Any suggestions?

    • duy — 1/14/14 @ 10:43 pm

      You can fold a coffee paper filter into a cone and place it between the glass and slow drip.

  10. gusse — 6/22/10 @ 8:42 am

    uuhhh very nice… have to try that !

  11. sylvia — 7/28/10 @ 4:02 pm

    What can we say – YUMMY!

  12. lyndsay — 8/3/10 @ 7:36 pm

    gorgeous photos, great tutorial. found you through a google search! can’t wait to turn this into an ice cream! :)

  13. Poor Taste — 9/28/10 @ 8:09 pm

    This looks so good, thanks for the tutorial! One thing: I’ve noticed many bahn mi shops will serve their iced coffee over crushed, almost slushie-like ice.

  14. Cheryl Berry — 10/10/10 @ 3:37 pm

    Looks so velvety and smooth. I love it.

    May I suggest a guide for coffee grinding? I saw you were linking to one.

    It’s here: http://www.coffeegrindersreviews.com/edu/coffee-grind.html

  15. hghgh — 10/12/10 @ 6:25 am

    eee

  16. TuyetHoaTienTu — 12/16/10 @ 3:32 pm

    I love this cafe drink! It tastes so good! I love how it’s not to bitter than other coffee and I love how it goes good with the condense milk! Definitely a favorite drink of mine!

  17. razzle — 2/4/11 @ 9:25 pm

    Is it true they also use cold press coffee because it doesn’t have a slightly bitter aftertaste?

  18. Anonimous — 8/27/11 @ 11:41 pm

    Thanks sooo much!!! I just had some of this at a Vietnamese restuarant, and it was sooo good I came home and looked up how to make it, thanks again!!! =)

  19. Nord — 1/4/12 @ 6:15 pm

    Have enjoyed Vietnamese coffee since the 60s. One comment… if you grind the beans too much, they will fall through to the cup below and take just about forever to make a decent cup. Medium grind works for me and just back out the screw a bit before adding water.

  20. This looks delicious! Thanks for sharing the recipe and visual shots – now I want to make it ^^

  21. Lexy Vu — 5/9/12 @ 9:28 pm

    Definitely was craving condensed milk with bread (a childhood favorite!) and I didn’t want to just pop open a can of condensed milk and leave it sitting there for days upon weeks… So I figured, since I had family in town, I’d make cafe sua da. What really got me was my uncle and my brother added a shot of cognac to their cups!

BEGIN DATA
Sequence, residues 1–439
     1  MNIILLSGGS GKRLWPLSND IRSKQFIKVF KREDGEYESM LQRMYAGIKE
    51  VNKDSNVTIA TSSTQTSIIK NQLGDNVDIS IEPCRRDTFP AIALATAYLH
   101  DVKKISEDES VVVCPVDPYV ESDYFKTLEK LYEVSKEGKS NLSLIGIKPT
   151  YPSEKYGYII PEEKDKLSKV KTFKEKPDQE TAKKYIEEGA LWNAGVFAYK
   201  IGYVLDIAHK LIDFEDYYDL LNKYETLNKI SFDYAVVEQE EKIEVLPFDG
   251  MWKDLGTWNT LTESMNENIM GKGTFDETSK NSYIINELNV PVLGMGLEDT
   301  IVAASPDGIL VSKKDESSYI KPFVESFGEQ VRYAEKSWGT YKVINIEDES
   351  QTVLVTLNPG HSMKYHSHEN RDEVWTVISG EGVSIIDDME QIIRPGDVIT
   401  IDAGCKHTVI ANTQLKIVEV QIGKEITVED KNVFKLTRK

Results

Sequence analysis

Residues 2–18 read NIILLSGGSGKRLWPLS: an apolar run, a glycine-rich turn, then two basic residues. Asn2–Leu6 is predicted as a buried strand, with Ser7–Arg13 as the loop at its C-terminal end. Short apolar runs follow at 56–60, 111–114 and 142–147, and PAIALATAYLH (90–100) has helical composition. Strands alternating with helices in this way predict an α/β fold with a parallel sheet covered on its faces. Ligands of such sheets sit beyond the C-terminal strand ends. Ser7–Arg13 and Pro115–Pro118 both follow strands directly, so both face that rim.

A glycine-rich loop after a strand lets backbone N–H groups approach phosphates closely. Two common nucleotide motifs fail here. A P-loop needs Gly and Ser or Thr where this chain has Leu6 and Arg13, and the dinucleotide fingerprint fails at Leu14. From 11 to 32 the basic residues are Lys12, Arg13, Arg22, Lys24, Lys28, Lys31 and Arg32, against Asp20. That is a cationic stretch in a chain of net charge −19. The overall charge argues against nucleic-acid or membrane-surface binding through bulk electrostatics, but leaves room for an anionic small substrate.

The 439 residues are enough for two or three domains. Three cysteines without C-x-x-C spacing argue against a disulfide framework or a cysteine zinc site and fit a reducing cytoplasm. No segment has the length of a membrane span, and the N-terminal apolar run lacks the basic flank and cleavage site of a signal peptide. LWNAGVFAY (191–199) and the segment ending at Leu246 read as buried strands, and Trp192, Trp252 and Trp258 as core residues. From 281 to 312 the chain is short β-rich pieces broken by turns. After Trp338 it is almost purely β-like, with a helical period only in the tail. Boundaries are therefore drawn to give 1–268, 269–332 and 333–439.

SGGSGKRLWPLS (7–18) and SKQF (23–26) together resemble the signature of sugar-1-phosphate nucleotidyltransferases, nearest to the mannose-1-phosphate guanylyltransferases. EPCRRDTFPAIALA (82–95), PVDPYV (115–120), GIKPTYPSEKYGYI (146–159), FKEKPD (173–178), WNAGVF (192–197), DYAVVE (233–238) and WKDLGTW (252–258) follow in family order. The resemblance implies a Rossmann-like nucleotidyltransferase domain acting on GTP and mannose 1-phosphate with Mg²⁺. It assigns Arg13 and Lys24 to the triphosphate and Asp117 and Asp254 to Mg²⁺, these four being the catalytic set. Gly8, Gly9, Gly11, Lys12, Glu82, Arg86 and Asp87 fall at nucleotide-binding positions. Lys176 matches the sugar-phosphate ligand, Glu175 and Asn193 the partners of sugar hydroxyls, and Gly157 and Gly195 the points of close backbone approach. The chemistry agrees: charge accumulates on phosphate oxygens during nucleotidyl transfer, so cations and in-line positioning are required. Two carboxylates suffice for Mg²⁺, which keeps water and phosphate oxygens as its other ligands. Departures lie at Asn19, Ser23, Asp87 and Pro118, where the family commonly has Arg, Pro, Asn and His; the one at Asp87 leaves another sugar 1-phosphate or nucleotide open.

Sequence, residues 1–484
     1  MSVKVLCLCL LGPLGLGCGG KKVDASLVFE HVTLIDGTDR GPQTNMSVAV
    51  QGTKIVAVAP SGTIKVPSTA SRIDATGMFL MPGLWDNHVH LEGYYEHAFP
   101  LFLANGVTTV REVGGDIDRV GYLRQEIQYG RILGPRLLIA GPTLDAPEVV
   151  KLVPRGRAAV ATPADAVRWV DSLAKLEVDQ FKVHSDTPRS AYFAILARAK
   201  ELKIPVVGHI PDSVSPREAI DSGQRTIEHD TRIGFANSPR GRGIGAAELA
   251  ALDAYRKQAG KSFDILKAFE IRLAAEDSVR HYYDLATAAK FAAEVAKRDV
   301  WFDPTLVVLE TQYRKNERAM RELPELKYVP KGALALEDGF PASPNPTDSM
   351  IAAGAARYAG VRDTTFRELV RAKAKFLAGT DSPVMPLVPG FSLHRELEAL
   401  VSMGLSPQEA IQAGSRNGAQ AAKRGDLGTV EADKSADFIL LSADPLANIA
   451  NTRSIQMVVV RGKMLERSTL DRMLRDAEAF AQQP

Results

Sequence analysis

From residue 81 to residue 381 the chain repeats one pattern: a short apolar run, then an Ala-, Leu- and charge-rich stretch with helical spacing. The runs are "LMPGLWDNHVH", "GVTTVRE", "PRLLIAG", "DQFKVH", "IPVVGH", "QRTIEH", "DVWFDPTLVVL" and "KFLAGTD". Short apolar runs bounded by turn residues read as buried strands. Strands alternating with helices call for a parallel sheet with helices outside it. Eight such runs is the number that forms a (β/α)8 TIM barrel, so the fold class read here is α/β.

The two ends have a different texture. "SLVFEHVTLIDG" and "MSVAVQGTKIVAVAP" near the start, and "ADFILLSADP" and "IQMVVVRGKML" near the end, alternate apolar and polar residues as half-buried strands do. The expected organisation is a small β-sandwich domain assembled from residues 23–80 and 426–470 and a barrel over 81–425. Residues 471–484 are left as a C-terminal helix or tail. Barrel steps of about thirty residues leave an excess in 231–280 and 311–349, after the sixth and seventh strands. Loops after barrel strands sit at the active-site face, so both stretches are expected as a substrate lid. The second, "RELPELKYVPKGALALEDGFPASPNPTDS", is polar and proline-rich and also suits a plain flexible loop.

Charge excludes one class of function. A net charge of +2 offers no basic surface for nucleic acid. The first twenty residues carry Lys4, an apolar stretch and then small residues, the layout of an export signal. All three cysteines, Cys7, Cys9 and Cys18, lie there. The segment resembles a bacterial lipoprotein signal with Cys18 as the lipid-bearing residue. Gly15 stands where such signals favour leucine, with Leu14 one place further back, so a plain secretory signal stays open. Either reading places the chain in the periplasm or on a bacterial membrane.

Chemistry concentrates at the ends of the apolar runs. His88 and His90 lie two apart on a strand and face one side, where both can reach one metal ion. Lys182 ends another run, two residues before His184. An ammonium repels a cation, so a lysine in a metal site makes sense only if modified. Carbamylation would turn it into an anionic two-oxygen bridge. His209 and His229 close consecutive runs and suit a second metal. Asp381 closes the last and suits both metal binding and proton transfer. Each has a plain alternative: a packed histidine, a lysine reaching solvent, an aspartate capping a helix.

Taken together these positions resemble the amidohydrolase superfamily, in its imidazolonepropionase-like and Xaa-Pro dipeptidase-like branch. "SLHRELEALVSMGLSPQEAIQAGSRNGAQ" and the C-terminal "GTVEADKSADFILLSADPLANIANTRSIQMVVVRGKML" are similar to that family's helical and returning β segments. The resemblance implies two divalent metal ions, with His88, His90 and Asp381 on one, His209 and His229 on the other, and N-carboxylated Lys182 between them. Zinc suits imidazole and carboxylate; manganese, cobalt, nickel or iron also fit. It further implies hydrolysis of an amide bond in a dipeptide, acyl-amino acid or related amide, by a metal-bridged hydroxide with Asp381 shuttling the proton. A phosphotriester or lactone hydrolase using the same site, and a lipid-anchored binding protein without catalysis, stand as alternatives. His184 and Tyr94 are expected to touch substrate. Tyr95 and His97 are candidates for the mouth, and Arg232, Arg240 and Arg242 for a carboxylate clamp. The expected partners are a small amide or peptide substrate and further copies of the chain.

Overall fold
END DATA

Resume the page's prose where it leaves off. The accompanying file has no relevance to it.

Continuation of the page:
What a big surprise! IT. WAS. DELICIOUS!

  22. Hai Van — 5/31/12 @ 7:56 pm

    Good morning from Vietnam,

    Thanks fo the post with excellent pictures. I have Ca Phe Sua Da almost every morning before office. I can show you how to get the best coffee village in Vietnam

  23. Janis — 9/19/12 @ 8:11 pm

    Love this coffee! I call it my liquid inspiration since I get a ton done after a glass. Because I only have it once in a while, I was wondering what to do with the milk. Then I discovered I could place it in a plastic yogurt cup and throw it in the freezer. Twenty seconds or so in the microwave will thin it enough to pour it. Also, I use the same glass to receive the coffee + milk. I once measured the weight of the two tablespoons of milk plus the glass, marked a dot on the kitchen scale and now I don’t have to use a spoon to measure the milk, which just makes a mess. I place the glass on the scale and just pour milk til the scale hits the dot. Take it off the scale, set the filter on top, and brew away!

  24. gaby — 10/16/12 @ 10:57 pm

    Have just returned from a fabulous holiday in Vietnam and the first thing i needed to do was find out how to make that great Iced coffee, thank you so much for your very clear instructions. I will be making it the minute I get to the shops to buy the condensed milk

  25. daniel — 11/26/12 @ 11:17 pm

    I recently “discovered” cafe sua da and love it. I have tried to recreate at home and have not been having success; I just can’t get that same great strong flavor. It seems like I am getting a cup of caffeine that upsets my stomach more than anything. For such a simple device, I think I just haven’t mastered the phin yet. I recently tried to really tighten the filter and that gave me a better cup, but still a little to much caffeine and after almost 10 minutes only half the water had gone through the coffee. I will keep experimenting on getting the right “tamping” of the coffee but not so tight the water doesn’t do it’s job…..but I would love some tips if you have any. For coffee I have used the Trung Nguyen gourmet blend and premium blend and have tried mixing in some espresso roast ground as well.

  26. anita h — 2/6/13 @ 9:27 am

    I found Organic Sweetened condensed milk in a dispenser bottle from Trader Joes that is excellent for this, if you are only using a couple T at a time. It is the same price as canned milk!

  27. sergey — 8/26/13 @ 10:24 pm

    Chicory???
    Where did you take it from? I have been staying in Vietnam for several years, professional in coffee industry and very surprised reading about chicory as component of Vietnamese coffee at western forums.
    What they use really here in Vietnam is 100% coffee, robusta or robusta/arabika blend, dark roast. No chicory.

  28. matt — 10/15/13 @ 6:06 pm

    what if you substitute Bailey’s Irish Cream for the sweetened condensed milk? It’s pretty thick, it could work right?

  29. B&P — 1/8/14 @ 12:09 am

    Condensed milk makes all the difference! Love that stuff!